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California Becomes 2nd State to Call for a Constitutional Convention

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  • California Becomes 2nd State to Call for a Constitutional Convention

    When Calif. Assemblyman Mike Gatto (D-Los Angeles) introduced AJR 1 in December 2012, he was the first legislator in the United States to employ a unique procedure in the U.S. Constitution that allows state legislatures to command Congressional action. Specifically, AJR 1 would require Congress to call a convention to amend the Constitution, to address the Supreme Court’s decision in Citizens United v. Federal Election Commission. Today, good-government advocates are celebrating after AJR 1 passed the California State Senate by a vote of 23-11. AJR 1 has already prompted Vermont to pass a resolution modeled after it, and in Illinois a similar resolution is currently making its way through its legislature.

    “Most Americans are fed up with the notion that money is speech and that moneyed interests can drown out the speech of average citizens,” said Gatto.

    This burgeoning movement to limit the effect of financial influence in the political system continues to grow. Earlier Monday morning, the California Highway Patrol arrested fourteen protestors outside the State Capitol who marched more than 450 miles from Los Angeles to rally to get money out of politics and in support of AJR 1. Two days earlier, The San Francisco Chronicle editorialized in favor of a convention, calling the Resolution “the most significant step in a fledging revolution” to obtain campaign-finance reform.
    http://californianewswire.com/2014/0...tizens-united/

    <iframe width="560" height="315" src="//www.youtube.com/embed/R6k7cL3z0Bk?list=UU1yBKRuGpC1tSM73A0ZjYjQ" frameborder="0" allowfullscreen></iframe>

  • #2
    As I've said before, if you want to eliminate the influence of money in politics, don't bother with campaign finance reform. Pass a national initiative ammendment to the Constitution. Let the voters override Congress directly when needed.

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    • #3
      Originally posted by The Lone Bolt View Post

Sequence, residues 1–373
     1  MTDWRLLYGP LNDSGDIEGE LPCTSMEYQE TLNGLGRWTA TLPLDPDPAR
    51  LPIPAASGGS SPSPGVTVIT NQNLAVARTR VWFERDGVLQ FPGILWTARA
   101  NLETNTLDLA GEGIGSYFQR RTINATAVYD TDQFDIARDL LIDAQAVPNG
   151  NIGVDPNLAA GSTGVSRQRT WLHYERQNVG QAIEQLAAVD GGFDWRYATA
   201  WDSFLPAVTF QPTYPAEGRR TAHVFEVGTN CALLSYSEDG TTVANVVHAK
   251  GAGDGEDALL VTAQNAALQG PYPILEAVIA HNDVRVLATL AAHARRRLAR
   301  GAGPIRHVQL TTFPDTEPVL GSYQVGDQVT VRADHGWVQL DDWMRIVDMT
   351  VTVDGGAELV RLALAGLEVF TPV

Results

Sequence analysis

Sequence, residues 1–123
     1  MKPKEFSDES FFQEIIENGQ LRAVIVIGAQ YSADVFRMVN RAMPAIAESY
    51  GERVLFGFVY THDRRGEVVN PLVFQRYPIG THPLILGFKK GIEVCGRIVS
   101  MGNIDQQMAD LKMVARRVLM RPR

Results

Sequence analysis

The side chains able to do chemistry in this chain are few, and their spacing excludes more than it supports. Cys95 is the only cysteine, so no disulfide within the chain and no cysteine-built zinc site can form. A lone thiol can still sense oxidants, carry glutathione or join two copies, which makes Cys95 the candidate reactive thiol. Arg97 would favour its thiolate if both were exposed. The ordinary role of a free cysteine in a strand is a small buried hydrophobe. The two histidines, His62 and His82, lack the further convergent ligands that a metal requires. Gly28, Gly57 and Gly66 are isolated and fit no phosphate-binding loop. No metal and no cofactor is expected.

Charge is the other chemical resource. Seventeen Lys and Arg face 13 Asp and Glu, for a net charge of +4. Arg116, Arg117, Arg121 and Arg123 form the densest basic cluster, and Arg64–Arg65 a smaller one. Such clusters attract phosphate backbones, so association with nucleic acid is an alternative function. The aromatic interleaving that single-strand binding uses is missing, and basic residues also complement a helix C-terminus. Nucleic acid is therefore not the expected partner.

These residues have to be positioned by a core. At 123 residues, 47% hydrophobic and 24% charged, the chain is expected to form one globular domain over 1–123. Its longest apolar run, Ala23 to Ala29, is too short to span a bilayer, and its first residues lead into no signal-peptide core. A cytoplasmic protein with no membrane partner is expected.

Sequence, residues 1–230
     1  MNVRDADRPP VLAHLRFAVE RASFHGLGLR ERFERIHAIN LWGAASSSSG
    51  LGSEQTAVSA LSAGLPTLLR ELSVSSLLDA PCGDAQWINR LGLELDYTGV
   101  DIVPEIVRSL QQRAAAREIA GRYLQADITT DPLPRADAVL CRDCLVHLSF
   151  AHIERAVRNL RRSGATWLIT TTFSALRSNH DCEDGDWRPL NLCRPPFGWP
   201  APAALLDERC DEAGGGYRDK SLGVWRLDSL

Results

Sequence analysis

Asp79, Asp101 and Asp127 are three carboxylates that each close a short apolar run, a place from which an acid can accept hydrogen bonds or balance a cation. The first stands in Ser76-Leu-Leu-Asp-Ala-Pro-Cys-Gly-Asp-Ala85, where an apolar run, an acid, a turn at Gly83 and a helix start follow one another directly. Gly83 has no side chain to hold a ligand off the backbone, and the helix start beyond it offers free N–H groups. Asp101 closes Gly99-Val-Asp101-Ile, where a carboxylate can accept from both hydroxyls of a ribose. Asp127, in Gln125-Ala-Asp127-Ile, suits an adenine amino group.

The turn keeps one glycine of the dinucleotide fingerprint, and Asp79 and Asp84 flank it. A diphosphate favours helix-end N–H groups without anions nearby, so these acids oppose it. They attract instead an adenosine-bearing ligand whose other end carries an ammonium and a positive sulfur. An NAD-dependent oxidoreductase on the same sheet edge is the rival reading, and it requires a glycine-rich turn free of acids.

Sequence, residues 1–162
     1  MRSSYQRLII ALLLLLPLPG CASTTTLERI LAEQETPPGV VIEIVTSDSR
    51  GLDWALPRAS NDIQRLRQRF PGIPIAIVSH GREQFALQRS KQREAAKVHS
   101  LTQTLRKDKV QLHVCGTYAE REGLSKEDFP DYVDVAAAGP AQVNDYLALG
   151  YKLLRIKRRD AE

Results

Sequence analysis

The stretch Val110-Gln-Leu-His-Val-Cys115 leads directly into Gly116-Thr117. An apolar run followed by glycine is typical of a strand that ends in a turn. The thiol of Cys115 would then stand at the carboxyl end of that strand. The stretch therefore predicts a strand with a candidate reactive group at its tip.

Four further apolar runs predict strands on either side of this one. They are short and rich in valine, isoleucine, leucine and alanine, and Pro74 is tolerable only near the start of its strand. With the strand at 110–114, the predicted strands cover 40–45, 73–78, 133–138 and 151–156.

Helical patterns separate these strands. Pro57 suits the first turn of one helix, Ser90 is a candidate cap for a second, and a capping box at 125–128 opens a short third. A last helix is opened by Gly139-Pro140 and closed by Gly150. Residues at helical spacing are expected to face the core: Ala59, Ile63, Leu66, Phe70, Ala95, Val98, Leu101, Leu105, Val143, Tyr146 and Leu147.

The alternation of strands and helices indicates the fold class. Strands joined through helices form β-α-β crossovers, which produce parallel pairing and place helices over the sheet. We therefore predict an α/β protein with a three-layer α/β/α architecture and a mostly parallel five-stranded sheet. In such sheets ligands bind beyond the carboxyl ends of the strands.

As I've said before, if you want to eliminate the influence of money in politics, don't bother with campaign finance reform. Pass a national initiative ammendment to the Constitution. Let the voters override Congress directly when needed.
      Overriding congress is exactly what we're doing. 32 more states and they're constitutionally obligated to have a constitutional convention (with delegates from the states).
      Last edited by Hotwheelz; 06-23-2014, 10:37 PM.

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      • #4
        Originally posted by The Lone Bolt View Post
        As I've said before, if you want to eliminate the influence of money in politics, don't bother with campaign finance reform. Pass a national initiative ammendment to the Constitution. Let the voters override Congress directly when needed.
        Completely agree with this. This is the best solution I've heard yet.

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        • #5
          I have been following this since Cenk started trying to get Vermont. I said no way!! Well, now maybe it can be done. It will take awhile but I think it will snowball leading up to and following the 2016 election.

          Here is Cenk after Vermont passed their initiative.

          <iframe width="560" height="315" src="//www.youtube.com/embed/CiiOUp-V6-4" frameborder="0" allowfullscreen></iframe>

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          • #6
            Originally posted by The Lone Bolt View Post
            As I've said before, if you want to eliminate the influence of money in politics, don't bother with campaign finance reform. Pass a national initiative ammendment to the Constitution. Let the voters override Congress directly when needed.
            That's the only way it will ever happen.